• The WA EV Network is compatible with CCS2 and Type 2, charging ports. If you’re charging from an AC charger, you’ll need to have a Type 2 charging cable.  


Planning a road trip with an EV

Whether you’re planning a holiday or just need to plan your regular long-distance drives, planning a road trip in Western Australia with an EV is easier than ever. Here are some tips to help you plan: 

Learn about your EV

Each type of electric vehicle is different and so are EV chargers. If you have a plug-in hybrid or fully electric vehicle, make sure you get familiar with the distance you can comfortably travel between charges. Use your vehicle’s app or manual to learn about your driving range, the types of EV charging stations you can use and the best level of battery charge for your make and model. 

Download EV Apps

Use EV apps such as Chargefox and Plugshare. These apps can give you an idea of which EV charging station is closest, and the type of charger– and could even let you know which ones are available at a specific time. 

Schedule your stops

By planning ahead, you can work out whether to take the scenic route or the shortest distance between stops. You can also make sure you combine the time your EV is plugged into an EV charging station with time to get a bite to eat or check out local attractions.

While you might have planned fuel stops in the past, driving an EV involves thinking ahead about your journey. Learning about your vehicle’s capabilities and charging requirements well ahead of your journey will go a long way to helping you have a stress-free driving experience.  Overall, driving an EV could be a great way to save on fuel costs while doing your bit to improve the environment.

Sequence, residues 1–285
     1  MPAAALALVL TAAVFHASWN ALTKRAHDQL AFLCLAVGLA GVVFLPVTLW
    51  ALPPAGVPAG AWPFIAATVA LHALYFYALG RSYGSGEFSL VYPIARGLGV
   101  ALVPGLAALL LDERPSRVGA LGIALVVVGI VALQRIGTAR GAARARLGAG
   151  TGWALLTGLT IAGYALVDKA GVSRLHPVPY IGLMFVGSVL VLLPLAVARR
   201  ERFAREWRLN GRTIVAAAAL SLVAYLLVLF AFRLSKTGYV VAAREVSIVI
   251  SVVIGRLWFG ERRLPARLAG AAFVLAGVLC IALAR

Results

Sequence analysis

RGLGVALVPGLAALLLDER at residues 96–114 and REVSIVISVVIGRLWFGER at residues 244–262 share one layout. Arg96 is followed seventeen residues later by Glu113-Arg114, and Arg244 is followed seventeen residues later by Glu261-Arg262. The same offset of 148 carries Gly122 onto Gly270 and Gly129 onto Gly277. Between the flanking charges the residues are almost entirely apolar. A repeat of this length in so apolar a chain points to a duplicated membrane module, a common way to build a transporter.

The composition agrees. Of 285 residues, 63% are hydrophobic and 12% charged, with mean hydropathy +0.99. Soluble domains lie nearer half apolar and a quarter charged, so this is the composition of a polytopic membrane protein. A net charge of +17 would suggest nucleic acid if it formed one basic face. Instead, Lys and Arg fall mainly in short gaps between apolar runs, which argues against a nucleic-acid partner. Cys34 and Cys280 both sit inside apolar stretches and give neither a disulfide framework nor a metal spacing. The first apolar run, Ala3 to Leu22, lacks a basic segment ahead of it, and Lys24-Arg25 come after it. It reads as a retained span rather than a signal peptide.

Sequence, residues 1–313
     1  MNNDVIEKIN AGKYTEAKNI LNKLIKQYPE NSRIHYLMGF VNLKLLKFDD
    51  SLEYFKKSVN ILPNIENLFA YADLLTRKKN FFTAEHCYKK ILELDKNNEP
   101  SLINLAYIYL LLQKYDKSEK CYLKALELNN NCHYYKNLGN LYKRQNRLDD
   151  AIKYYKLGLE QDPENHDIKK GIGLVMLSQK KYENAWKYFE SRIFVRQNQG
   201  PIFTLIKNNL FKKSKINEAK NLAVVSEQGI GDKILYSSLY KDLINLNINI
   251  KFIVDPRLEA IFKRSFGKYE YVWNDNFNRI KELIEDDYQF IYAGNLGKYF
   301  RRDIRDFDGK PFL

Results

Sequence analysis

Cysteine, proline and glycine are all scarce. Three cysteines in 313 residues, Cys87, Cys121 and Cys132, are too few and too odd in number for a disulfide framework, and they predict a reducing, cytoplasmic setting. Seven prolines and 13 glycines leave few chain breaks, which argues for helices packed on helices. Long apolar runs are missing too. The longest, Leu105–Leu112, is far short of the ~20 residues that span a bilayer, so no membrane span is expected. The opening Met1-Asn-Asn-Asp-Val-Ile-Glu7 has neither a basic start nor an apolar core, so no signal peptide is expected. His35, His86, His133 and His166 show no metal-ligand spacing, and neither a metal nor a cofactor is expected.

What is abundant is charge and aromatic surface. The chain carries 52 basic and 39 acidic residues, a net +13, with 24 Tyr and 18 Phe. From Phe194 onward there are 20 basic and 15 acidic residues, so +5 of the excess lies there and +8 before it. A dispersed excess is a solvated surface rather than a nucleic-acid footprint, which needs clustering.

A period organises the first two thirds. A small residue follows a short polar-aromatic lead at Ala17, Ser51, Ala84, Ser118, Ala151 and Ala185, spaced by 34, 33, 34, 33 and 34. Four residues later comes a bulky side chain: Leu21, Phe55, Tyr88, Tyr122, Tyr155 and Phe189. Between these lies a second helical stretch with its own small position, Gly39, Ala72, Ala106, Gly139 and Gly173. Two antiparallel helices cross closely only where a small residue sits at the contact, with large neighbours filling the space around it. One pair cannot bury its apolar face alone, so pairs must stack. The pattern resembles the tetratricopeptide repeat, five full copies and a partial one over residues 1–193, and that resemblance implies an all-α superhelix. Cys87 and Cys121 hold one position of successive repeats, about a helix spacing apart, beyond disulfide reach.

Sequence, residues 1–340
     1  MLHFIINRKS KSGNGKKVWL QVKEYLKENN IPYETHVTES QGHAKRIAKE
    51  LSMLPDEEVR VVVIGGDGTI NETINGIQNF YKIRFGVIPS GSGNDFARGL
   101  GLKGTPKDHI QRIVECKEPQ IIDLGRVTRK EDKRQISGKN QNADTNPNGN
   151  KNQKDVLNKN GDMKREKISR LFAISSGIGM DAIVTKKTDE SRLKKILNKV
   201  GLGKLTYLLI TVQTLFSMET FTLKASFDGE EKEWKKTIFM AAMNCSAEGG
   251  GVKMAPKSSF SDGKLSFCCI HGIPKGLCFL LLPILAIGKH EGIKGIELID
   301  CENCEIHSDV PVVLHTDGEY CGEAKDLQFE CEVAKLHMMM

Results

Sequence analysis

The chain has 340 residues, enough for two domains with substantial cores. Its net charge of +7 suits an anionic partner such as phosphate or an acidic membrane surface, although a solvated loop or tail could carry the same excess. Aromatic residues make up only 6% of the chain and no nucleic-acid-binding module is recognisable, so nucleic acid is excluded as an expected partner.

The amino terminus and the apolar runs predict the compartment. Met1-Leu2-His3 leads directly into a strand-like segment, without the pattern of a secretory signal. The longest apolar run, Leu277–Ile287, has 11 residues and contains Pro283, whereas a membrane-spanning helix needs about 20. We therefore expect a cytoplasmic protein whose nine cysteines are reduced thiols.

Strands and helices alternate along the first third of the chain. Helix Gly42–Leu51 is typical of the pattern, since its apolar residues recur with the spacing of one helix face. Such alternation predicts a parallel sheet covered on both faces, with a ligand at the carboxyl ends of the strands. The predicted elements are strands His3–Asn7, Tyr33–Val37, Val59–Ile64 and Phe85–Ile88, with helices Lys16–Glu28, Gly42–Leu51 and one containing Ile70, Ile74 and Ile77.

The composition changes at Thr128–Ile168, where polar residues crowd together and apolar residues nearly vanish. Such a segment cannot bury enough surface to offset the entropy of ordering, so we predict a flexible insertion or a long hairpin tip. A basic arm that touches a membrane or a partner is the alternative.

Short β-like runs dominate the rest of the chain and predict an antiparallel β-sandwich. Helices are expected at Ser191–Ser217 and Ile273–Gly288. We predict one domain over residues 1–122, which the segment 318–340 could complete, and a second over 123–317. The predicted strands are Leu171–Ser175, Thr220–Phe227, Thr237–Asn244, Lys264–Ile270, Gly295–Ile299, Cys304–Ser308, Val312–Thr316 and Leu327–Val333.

The future of EVs in WA 

Electric vehicles have an exciting role to play in WA’s energy future. EVs produce zero emissions, so a more robust EV charging infrastructure would help to improve air quality and reduce greenhouse gas emissions. This could benefit everyone in the community, regardless of whether they drive an EV or not. 

Along with the potential environmental benefits, the construction and operation of EV charging stations could also create jobs and stimulate economic growth. 

 There are more opportunities to progress the road to zero emissions with: 

The long-term vision for the WA EV Network is to create a comprehensive and reliable charging system which supports WA’s transition to electric transportation. The network should be accessible to all EV drivers, regardless of where they live or where they are travelling. 

The State Government has already committed $23 million to the WA EV Network, and the private sector is also investing in EV charging infrastructure. 

Where does our energy come from?

Here in WA, we do things a bit differently to the rest of Australia when it comes to energy.

Learn more

How energy works

A lot needs to happen to make sure electricity gets delivered safely to you. And Western Australia's electricity system is changing fast. Here’s a behind-the-scenes look at how energy works.

Learn more

Understanding your energy bill

In this electricity bill guide, we’ll give you an energy bill breakdown and help you explore what’s behind the charges you might see on your bill.

Learn more

Understanding power faults and outages

We do everything we can to keep the power on – but sometimes planned power interruptions and unplanned power outages will happen. Learn some of the reasons behind Horizon Power outages.

Learn more

Where to next?

Wondering how an electric vehicle differs from your petrol-powered transportation? Interested in learning more about the WA EV Network? Explore the links below.


About the WA EV Network Explore our guide to EVs

Horizon Power acknowledges the Traditional Custodians throughout Western Australia and their continuing connection to the land, waters and community. We pay our respects to all members of the Aboriginal communities and their cultures; and to Elders past, present and emerging.

Aboriginal and Torres Strait Islander people are advised that this website may contain images, names or voices of deceased people.